“All politics is local”
Former US House Speaker Tip O’Neill
One fact that escapes many foreign observers is that the UK is a nation of many nations; England, Scotland, Wales and Northern Ireland. Each nation has a separate culture and often a separate language, even if English remains the de facto functioning language as well as the official one. British history is the story of a union being created as a consequence of convenience as well as coercion. The latter has in particular has been lingered on by local nationalists from Welsh nationalists who recall the Marcher Lords to the Scottish nationalists who recall the dismantlement of British industry under Thatcher. Meanwhile the symbol of British unity, the Queen, watches on as the Scottish Nationalist Party (SNP) begins to demand another independence referendum. Britain does not need dead institutions to promote unity, it needs a system that is responsive to central and regional needs. Britain needs federalism.
The British system is one of the most centralised governing systems in Europe. Only Malta is said to be more centralised. If the UK was to be governed by the federal model then the most obvious way of implementing this would be to break the different nations up into states that govern local affairs. However immediately we come across the simple problem in that all of the nations are not equal in population or wealth. In terms of population alone Scotland has just over 5 million people, Wales 3 million and Northern Ireland has just under 2 million. England trumps them all with a population of around 55 million. London by 2014 statistics has a population of over 8 million, which is roughly four times the size of Northern Ireland.
Having England as one self-governing state in a wider union is probably impractical, not just because London along may command a fair section of an elected state parliament. Concerns have been mounting for some time about the neglect of regional economies outside of London, in particular in the north and most notably the north east. Many of these areas were left embittered by the loss of relative affluence that industry used to provide. These areas have long become Labour strongholds that debatably have a mixed record of rectifying the void left by industry, which is particularly true of the north east of England. The United Kingdom Independence Party (UKIP) has shrewdly picked up on this neglect while also exploiting the somewhat hypocritical bigotry some of the locals display toward those workers who have regenerated old market towns, because they happen to be from Eastern Europe. In fairness to Labour though the failure to reinvent this regional economy is not solely down to them, but also down to the centralised framework they have to work through. To deal with the regional problem I believe that England will have to be split into at least four states which includes one for London and at one for the Midlands and another for the north.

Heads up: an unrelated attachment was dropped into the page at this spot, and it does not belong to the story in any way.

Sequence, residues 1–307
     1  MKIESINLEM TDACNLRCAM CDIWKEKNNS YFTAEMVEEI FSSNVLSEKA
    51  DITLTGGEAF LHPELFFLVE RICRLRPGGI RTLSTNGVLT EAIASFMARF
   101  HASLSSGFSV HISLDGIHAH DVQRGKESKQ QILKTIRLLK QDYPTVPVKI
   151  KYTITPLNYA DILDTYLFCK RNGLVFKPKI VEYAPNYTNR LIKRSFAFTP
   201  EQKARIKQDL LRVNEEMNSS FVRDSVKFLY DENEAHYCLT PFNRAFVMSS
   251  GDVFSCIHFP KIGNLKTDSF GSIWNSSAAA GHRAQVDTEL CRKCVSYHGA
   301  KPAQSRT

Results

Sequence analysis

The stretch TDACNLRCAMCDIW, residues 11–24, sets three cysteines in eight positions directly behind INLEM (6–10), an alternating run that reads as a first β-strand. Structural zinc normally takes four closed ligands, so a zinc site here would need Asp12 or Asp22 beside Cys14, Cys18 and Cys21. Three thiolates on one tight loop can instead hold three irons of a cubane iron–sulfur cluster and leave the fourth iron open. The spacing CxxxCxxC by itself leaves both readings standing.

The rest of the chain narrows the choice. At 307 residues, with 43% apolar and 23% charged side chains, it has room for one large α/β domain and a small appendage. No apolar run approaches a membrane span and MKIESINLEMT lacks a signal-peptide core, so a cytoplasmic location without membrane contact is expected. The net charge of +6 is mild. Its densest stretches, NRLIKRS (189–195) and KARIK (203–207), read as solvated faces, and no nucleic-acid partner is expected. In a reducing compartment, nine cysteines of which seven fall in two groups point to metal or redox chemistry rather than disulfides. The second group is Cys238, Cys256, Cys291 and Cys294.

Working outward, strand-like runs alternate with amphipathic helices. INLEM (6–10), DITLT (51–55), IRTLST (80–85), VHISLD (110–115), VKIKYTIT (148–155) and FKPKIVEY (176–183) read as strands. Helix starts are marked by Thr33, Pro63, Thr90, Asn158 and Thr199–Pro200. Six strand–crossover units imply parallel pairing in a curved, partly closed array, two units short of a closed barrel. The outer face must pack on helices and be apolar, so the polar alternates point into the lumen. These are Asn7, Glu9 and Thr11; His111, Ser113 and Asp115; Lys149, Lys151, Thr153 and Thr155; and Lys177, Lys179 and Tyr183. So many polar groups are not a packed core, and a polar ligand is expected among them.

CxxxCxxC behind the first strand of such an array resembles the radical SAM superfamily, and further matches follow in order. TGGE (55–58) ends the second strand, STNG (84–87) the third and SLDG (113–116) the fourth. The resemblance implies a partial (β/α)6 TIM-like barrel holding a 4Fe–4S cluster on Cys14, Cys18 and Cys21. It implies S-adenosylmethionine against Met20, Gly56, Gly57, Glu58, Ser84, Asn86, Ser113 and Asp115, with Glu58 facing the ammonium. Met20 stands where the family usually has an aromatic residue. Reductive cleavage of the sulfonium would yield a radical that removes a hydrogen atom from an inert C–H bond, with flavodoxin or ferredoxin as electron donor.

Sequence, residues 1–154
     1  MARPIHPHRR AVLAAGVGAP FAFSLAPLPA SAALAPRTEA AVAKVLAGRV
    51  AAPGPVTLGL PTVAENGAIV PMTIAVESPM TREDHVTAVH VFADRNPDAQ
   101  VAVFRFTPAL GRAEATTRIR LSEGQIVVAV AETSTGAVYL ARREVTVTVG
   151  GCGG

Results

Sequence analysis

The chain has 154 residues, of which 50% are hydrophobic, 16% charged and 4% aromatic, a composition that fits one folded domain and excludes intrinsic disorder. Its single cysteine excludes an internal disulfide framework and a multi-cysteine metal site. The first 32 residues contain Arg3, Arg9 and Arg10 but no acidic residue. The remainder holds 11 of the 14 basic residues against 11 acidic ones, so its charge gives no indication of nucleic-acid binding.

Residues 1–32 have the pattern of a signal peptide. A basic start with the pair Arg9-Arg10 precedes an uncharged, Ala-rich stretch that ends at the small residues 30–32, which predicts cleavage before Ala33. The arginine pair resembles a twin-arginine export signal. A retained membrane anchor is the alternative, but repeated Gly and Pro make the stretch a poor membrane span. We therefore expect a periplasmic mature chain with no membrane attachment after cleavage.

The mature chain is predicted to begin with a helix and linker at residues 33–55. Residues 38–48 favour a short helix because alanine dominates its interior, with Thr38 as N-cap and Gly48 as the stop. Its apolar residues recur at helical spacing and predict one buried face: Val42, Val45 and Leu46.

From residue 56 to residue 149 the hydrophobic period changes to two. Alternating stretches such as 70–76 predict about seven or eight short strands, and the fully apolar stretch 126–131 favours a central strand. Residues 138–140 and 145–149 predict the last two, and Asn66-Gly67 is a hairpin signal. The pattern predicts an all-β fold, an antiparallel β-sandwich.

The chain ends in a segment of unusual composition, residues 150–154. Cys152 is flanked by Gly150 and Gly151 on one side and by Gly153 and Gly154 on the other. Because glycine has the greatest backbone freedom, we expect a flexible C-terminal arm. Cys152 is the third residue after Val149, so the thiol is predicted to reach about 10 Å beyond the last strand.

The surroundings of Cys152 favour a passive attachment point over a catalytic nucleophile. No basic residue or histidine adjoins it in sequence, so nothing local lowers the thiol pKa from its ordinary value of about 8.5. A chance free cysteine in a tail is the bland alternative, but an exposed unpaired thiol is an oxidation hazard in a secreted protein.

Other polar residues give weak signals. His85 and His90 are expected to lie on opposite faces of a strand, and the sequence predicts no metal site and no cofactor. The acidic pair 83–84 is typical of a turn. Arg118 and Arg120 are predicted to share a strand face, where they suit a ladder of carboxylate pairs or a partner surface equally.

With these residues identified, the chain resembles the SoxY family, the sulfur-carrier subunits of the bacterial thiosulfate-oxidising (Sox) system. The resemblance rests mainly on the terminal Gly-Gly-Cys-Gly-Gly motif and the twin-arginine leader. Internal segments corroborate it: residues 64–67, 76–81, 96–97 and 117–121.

Local government financing follows a strange system when one thinks about it. All of the proceeds of council tax is sent to London, only for them to be then doled out by the Department for Communities and Local Government, in sums they calculate themselves. This can distort the picture of how well a certain area is doing regionally. If you add to this the limited capacity that councils have to change their own rates of council tax and no control about how they raise it, it becomes harder to see the value of local governments. Local politics then seems to take a backseat to the national kind with the former largely becoming the concern of retirees or part time workers. It is only natural that with imbalance of power between national and local politics public interest would move to the former. Rejuvenating local politics is important not only for empowering regional economies but also empowering communities and helping them to address common problems.